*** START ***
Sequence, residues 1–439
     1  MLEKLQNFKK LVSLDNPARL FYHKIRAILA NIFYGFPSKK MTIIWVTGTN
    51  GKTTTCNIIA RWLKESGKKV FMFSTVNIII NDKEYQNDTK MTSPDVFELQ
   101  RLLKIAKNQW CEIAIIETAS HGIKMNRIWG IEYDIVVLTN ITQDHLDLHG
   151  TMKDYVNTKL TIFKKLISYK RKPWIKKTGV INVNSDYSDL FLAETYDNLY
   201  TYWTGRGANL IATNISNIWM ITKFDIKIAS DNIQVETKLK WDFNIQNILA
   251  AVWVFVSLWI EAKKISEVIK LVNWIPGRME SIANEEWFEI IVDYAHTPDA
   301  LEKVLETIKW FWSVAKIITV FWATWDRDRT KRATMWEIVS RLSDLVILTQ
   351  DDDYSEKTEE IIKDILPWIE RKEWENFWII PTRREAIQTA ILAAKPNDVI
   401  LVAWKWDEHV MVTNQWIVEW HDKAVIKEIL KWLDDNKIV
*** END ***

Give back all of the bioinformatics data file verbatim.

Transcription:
Sequence, residues 1–439
     1  MLEKLQNFKK LVSLDNPARL FYHKIRAILA NIFYGFPSKK MTIIWVTGTN
    51  GKTTTCNIIA RWLKESGKKV FMFSTVNIII NDKEYQNDTK MTSPDVFELQ
   101  RLLKIAKNQW CEIAIIETAS HGIKMNRIWG IEYDIVVLTN ITQDHLDLHG
   151  TMKDYVNTKL TIFKKLISYK RKPWIKKTGV INVNSDYSDL FLAETYDNLY
   201  TYWTGRGANL IATNISNIWM ITKFDIKIAS DNIQVETKLK WDFNIQNILA
   251  AVWVFVSLWI EAKKISEVIK LVNWIPGRME SIANEEWFEI IVDYAHTPDA
   301  LEKVLETIKW FWSVAKIITV FWATWDRDRT KRATMWEIVS RLSDLVILTQ
   351  DDDYSEKTEE IIKDILPWIE RKEWENFWII PTRREAIQTA ILAAKPNDVI
   401  LVAWKWDEHV MVTNQWIVEW HDKAVIKEIL KWLDDNKIV